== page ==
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Boogie (A PopEntertainment.com Movie Review)

BOOGIE (2021)

Boogie

Starring Taylor Takahashi, Taylour Paige, Jorge Lendeborg Jr., Bashar “Pop Smoke” Jackson, Pamelyn Chee, Perry Yung, Mike Moh, Alexa Mareka, Domenick Lombardozzi, Steve Coulter, Eddie Huang, Charlamagne tha God, Jessica Huang, Claire Hsu, Ren Hsieh, Despot, AC Casciani, Ming Wu, Terayle Hill, Fernold Degand, Bernard Chang, Mitchell Ito, Samantha Eberle, Tommy Bo, Shenell Edmonds, Ben Davis, Ezra Knight, Margaret Odette, Sam Jules, Ed Aristone and Ariel Eliaz.

Screenplay by Eddie Huang.

Directed by Eddie Huang.

Distributed by Focus Features. 89 minutes. Rated R.

There is a big subplot in the movie Boogie about a high school English teacher teaching his class about coming-of-age stories – specifically The Catcher in the Rye. And, yes, those kind of redemption stories are often touching, intense and hopefully eventually the lead character learns something about life.

Boogie is trying to be one of those coming-of-age stories. It is about a Chinese American teen named Alfred “Boogie” Chin, a basketball prodigy who wants to go to college and eventually become a pro. He is having trouble finding a college to give him a scholarship and his parents can’t afford to send him without one. Therefore, they come up with the idea of transferring him to another high school which is struggling at basketball, where he can play head-to-head against the team of best player in the area and hopefully attract some scouts with his performance.

The biggest problem with Boogie is with the lead character. To be completely honest, Boogie is kind of an asshole. He refers to his nickname as his “stripper name.” He dismisses his new teammates as “hot trash” to their faces. He thinks it’s cute to hit on a new girl he barely knows with the smooth line, “You’ve got a nice vagina.” (For the record, he hasn’t seen it, except for covered by a pair of tights.)

Yes, many coming-of-age heroes could be more accurately defined as anti-heroes. They can be angry, sullen and anti-social. And yes, Boogie learns and grows and shows more layers as the film goes on, but it is hard to get over the bad taste in your mouth towards the character from his first impressions.

Granted, his family life is pretty hellish – his mother is shrill and mean, his dad is irresponsible, irate and overbearing in his demands to make Boogie a pro basketball player. Both are constantly riding him to be better, to practice, to get a scholarship.

The film makes a big point of comparing and contrasting him with Holden Caulfield of The Catcher in the Rye – a character which Boogie considers rich, entitled and self-obsessed, which is really not all that farfetched a reading – but the film is trying to make Boogie an antihero. (And also, someone who goes against the grain in his literary analysis, but somewhat thoughtfully.) The problem is that other than being poor, Boogie is also selfish and entitled in his own ways.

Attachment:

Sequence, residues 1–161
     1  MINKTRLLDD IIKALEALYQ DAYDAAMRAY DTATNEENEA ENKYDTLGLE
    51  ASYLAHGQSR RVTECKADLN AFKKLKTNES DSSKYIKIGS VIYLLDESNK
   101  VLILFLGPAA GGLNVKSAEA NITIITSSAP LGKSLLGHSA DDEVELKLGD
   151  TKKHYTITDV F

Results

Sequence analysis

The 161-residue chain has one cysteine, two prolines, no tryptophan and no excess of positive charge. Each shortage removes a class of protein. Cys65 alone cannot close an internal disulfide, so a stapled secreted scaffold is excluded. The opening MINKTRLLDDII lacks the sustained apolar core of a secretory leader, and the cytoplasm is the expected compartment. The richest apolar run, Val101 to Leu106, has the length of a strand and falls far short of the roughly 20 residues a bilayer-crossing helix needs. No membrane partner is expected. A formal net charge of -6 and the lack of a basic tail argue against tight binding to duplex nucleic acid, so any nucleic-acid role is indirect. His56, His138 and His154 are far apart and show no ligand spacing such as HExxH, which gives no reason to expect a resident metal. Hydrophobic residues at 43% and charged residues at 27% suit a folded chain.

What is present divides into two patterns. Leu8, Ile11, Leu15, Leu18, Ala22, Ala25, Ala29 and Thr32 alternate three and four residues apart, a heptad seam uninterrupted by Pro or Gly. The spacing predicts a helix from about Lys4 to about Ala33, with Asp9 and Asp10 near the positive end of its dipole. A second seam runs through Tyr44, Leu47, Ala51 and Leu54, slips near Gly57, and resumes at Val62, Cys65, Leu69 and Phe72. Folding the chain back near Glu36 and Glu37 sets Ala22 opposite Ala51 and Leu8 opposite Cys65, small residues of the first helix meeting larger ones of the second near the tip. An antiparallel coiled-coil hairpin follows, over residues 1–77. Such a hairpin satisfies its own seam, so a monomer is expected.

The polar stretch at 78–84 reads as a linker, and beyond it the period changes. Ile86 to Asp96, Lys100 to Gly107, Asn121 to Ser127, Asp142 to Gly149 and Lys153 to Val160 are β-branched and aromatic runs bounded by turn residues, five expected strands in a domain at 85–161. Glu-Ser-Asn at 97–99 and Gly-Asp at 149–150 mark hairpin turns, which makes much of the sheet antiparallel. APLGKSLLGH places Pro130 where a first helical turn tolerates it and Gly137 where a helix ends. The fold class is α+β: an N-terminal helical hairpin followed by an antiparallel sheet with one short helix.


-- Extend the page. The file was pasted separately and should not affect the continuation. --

And honestly, even though he changes and grows, he doesn’t change all that much. He’s still a main cause of the maelstrom of problems swirling around him. He resents his parents. He doesn’t really care about his teammates all that much even when it comes to the big game, which he is greatly responsible for knocking off the rails before it happens in a way most people never expected. He’s kind of a dick to his best friend and his new girlfriend. The fact that he is doing it to hide his hurt feelings and anger does not really justify his actions, and his apologies ring a little hollow.

Which is kind of a shame, because Boogie does expose us to a very interesting world that does not get enough exposure on film. The characters, while mostly kind of unlikable, are never less than interesting. The world of Asian Americans and New York high school basketball – as well as street ball – is pretty fascinating.

Despite its sometimes-off-putting main character, much of Boogie is entertaining and intriguing. In that earlier scene I mentioned where Boogie expressed his disdain for Holden Caulfield in his English class, he notes that he preferred the character of Mr. Antolini, the sensitive and admired English teacher in the book that Holden eventually dismisses because he mistakenly takes a gesture as making a gay pass at him.  

Perhaps Boogie needed its own Mr. Antolini to warn the guy that he is heading for a terrible fall.

Jay S. Jacobs

Copyright ©2021 PopEntertainment.com. All rights reserved. Posted: June 1, 2021.

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